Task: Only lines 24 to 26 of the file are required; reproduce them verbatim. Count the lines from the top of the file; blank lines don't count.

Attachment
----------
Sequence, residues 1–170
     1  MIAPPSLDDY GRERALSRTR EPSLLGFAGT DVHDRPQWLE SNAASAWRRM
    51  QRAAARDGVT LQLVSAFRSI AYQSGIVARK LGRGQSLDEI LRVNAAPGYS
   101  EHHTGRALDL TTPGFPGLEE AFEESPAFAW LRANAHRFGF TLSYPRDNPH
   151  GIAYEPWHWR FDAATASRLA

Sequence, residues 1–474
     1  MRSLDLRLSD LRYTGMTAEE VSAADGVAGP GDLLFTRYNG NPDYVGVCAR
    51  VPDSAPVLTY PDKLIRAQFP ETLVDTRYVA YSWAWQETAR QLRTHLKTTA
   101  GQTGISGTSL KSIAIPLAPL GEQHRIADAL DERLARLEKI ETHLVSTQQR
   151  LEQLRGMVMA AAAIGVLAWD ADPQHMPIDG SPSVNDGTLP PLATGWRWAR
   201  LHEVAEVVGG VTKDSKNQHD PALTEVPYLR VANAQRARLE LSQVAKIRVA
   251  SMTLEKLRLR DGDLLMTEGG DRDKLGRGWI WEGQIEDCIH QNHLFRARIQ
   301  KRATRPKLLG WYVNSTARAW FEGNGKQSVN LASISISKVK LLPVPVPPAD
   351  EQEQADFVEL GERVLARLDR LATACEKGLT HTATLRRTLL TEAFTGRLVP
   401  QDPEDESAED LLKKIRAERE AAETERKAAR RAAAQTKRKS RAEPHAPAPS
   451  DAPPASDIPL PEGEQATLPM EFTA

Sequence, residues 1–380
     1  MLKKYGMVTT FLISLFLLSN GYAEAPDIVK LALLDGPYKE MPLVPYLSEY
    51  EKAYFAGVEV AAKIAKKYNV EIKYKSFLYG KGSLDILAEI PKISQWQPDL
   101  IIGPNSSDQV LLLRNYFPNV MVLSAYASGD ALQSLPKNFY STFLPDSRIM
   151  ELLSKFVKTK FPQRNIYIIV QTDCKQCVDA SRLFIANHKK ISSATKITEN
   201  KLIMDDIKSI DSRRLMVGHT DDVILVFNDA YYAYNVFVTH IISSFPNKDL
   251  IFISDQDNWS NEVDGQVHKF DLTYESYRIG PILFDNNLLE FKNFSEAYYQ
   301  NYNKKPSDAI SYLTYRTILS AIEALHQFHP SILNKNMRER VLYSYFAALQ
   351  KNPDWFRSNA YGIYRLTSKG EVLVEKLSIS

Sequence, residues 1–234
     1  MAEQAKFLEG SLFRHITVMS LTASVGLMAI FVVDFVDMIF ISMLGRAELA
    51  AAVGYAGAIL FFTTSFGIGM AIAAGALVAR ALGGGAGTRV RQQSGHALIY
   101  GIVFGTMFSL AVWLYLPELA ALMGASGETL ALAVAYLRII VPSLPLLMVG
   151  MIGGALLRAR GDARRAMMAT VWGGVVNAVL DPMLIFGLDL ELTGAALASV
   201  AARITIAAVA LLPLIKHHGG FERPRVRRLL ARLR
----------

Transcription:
   301  NYNKKPSDAI SYLTYRTILS AIEALHQFHP SILNKNMRER VLYSYFAALQ
   351  KNPDWFRSNA YGIYRLTSKG EVLVEKLSIS

Sequence, residues 1–234